Conscious Purpose in 2010: Bateson's Prescient Warning

Phillip V Guddemi


<!-- /* Font Definitions */ @font-face {font-family:Cambria; panose-1:2 4 5 3 5 4 6 3 2 4; mso-font-charset:0; mso-generic-font-family:auto; mso-font-pitch:variable; mso-font-signature:3 0 0 0 1 0;} /* Style Definitions */ p.MsoNormal, li.MsoNormal, div.MsoNormal {mso-style-parent:""; margin-top:0cm; margin-right:0cm; margin-bottom:10.0pt; margin-left:0cm; mso-pagination:none; mso-hyphenate:none; font-size:12.0pt; font-family:Cambria; mso-fareast-font-family:Cambria; mso-bidi-font-family:Cambria; mso-ansi-language:EN-US; mso-fareast-language:AR-SA;} @page Section1 {size:612.0pt 792.0pt; margin:72.0pt 90.0pt 72.0pt 90.0pt; mso-header-margin:36.0pt; mso-footer-margin:36.0pt; mso-paper-source:0;} div.Section1 {page:Section1;} --> In 1968 Gregory Bateson hosted a conference on “the effects of conscious purpose on human adaptation.”  In his conference paper he warned that human conscious purpose distorts perception in a way which obscures the systemic (“cybernetic”) nature of both self and environment.  The ensuing years have paid little attention to his analysis of both observer and environment as cybernetic systems whose systemic natures are dangerously opaque to human purposive thought.  But his analysis is sounder than ever on the basis of scientific developments of the last forty years.  Recent adaptive systems formulations in ecological theory have underscored how ecological systems, because of their systems nature, can be vulnerable to the unintended consequences of human actions.  Modern neuroscience has also delineated many of the limitations of conscious thinking Bateson warned us against. In fact, new work on the cerebral hemispheres has pointed to epistemological biases, characteristic of the left hemisphere in particular, which fit Bateson’s portrait of the biases of conscious purpose.  It seems that Bateson’s forty-two year old warning was prescient and relevant to our predicament today.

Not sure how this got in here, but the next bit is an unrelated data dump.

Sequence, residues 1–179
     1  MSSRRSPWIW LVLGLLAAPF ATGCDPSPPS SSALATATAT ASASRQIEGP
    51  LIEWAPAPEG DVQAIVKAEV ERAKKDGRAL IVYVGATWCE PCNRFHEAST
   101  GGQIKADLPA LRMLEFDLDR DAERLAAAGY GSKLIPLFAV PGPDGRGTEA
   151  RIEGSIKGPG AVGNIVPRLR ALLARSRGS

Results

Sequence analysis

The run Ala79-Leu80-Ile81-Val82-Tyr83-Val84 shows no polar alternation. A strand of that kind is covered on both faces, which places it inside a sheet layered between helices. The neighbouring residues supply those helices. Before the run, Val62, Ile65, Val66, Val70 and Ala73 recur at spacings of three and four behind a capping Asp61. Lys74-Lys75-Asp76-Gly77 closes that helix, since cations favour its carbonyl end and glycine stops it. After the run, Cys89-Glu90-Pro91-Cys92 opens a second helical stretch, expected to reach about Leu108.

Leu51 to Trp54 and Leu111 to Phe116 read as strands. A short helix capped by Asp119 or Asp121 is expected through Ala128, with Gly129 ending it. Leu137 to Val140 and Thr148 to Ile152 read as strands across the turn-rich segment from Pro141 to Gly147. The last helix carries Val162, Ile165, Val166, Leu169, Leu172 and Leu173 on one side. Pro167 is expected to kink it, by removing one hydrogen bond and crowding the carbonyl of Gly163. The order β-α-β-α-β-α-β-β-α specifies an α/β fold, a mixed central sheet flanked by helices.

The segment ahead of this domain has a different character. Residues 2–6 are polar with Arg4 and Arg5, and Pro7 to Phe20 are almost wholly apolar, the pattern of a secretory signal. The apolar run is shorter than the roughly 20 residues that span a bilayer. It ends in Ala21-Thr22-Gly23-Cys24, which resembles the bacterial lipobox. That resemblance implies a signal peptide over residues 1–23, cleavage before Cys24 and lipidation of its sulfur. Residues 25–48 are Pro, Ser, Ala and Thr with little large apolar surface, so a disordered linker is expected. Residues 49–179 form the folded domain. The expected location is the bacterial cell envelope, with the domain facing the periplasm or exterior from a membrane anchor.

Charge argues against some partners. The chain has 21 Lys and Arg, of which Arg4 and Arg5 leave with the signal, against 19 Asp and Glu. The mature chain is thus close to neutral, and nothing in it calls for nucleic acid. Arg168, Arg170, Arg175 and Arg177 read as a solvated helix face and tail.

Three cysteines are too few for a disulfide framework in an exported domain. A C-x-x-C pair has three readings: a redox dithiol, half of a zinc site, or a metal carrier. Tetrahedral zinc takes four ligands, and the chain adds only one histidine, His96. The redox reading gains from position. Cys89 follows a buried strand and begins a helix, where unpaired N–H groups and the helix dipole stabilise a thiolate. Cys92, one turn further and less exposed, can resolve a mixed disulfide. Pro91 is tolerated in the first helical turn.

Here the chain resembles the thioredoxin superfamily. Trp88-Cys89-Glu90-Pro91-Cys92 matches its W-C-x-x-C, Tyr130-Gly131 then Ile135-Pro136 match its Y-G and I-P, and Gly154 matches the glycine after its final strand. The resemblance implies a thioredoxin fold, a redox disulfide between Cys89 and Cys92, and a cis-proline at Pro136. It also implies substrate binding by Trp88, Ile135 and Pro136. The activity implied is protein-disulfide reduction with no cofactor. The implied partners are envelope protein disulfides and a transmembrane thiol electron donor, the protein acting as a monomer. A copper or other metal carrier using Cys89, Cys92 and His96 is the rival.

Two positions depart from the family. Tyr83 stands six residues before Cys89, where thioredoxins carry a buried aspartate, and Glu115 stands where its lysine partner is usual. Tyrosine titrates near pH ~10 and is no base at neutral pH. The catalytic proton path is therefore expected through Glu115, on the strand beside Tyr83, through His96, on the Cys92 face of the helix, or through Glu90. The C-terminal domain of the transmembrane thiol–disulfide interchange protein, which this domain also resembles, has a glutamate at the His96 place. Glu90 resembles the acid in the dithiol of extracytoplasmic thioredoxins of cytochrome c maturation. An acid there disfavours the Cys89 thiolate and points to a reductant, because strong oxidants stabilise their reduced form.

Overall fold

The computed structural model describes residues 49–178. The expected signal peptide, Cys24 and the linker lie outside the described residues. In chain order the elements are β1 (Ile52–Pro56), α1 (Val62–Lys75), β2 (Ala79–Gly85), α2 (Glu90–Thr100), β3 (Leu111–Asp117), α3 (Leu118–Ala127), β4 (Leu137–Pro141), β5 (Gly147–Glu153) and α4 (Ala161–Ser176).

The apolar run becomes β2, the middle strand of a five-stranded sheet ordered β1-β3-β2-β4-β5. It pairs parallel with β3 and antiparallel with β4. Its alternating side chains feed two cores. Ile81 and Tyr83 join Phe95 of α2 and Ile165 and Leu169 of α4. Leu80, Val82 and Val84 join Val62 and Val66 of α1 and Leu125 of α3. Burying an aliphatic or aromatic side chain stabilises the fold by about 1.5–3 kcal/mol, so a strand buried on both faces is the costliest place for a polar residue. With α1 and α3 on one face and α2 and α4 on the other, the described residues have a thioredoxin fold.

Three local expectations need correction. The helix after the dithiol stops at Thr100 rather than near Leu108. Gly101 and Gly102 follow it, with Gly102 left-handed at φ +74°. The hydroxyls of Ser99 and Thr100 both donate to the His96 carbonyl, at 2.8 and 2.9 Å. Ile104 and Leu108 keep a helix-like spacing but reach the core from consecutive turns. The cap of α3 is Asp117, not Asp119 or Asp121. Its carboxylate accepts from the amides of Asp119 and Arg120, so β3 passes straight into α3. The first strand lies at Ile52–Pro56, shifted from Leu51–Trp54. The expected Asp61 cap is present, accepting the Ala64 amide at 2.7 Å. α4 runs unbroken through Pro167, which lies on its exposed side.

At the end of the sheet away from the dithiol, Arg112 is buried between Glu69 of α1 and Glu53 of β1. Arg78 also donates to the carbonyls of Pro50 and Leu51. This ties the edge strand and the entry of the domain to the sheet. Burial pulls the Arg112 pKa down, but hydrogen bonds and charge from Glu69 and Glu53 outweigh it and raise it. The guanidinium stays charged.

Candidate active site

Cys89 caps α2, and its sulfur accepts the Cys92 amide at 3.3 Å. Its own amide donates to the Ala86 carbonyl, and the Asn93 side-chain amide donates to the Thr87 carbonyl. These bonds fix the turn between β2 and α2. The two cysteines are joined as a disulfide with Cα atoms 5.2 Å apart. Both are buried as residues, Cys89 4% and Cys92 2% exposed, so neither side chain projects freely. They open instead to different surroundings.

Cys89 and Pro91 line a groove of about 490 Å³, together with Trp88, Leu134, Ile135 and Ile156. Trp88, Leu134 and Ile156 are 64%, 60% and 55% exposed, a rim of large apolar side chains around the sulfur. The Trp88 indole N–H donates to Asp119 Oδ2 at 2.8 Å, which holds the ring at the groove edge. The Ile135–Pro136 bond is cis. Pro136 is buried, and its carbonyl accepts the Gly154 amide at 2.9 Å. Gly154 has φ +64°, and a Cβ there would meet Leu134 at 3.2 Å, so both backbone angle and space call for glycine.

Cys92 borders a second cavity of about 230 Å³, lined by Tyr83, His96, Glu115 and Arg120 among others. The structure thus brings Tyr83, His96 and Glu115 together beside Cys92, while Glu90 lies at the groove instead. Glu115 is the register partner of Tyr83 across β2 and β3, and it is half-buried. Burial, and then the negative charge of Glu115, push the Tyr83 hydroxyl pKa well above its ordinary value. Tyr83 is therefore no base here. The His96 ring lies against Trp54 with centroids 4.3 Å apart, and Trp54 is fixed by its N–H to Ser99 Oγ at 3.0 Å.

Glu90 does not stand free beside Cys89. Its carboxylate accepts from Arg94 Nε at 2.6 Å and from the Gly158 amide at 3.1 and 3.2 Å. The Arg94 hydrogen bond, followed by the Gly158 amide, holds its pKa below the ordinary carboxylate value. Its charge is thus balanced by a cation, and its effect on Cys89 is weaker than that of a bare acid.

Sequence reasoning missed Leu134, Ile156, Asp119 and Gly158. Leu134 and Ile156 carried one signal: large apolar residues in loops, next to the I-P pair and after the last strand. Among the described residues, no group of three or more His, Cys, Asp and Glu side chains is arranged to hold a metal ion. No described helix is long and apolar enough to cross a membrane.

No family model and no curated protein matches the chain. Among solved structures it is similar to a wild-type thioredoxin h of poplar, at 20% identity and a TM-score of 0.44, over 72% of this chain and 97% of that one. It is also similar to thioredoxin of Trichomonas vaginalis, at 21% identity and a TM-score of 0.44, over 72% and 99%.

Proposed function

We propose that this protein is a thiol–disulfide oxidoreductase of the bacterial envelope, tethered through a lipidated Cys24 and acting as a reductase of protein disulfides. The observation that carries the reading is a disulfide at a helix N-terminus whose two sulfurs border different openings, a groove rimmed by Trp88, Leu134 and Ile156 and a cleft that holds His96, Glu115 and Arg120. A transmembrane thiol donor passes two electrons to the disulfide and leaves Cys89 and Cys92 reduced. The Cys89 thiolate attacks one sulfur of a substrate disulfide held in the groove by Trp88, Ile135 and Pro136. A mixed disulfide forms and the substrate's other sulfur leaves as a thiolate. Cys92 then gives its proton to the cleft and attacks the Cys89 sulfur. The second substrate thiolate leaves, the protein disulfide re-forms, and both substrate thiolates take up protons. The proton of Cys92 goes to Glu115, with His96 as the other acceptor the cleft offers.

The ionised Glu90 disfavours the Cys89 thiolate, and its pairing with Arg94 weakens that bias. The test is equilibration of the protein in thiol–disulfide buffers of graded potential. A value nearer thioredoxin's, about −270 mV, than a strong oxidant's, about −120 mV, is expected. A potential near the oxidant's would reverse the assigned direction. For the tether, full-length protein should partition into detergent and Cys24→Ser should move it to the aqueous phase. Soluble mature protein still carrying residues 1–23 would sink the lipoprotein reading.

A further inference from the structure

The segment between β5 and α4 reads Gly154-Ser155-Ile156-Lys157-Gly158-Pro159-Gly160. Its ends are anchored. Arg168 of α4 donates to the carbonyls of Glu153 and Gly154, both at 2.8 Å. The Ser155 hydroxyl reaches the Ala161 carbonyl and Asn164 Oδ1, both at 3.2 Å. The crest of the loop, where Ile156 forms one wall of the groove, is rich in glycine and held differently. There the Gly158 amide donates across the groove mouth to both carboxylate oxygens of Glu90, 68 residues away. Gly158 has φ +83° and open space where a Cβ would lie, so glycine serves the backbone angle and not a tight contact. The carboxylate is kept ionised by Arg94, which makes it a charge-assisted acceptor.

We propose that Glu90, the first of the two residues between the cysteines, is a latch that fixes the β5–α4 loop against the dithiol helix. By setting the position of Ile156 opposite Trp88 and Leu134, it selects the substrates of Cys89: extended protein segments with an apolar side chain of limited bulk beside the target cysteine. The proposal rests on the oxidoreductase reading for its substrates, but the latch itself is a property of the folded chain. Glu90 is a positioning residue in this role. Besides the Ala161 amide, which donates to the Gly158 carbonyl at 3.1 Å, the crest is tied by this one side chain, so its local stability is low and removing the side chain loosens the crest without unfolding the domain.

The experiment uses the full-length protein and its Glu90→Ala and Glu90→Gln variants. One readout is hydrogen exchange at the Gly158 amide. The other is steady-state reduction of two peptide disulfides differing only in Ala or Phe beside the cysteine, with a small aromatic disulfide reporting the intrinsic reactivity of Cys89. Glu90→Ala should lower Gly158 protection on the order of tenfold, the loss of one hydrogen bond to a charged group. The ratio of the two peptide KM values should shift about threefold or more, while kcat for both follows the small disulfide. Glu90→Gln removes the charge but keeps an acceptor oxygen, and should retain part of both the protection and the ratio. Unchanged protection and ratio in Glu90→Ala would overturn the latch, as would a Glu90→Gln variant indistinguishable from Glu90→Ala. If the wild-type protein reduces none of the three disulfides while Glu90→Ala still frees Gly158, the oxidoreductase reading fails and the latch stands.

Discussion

ecology, consciousness, cybernetics

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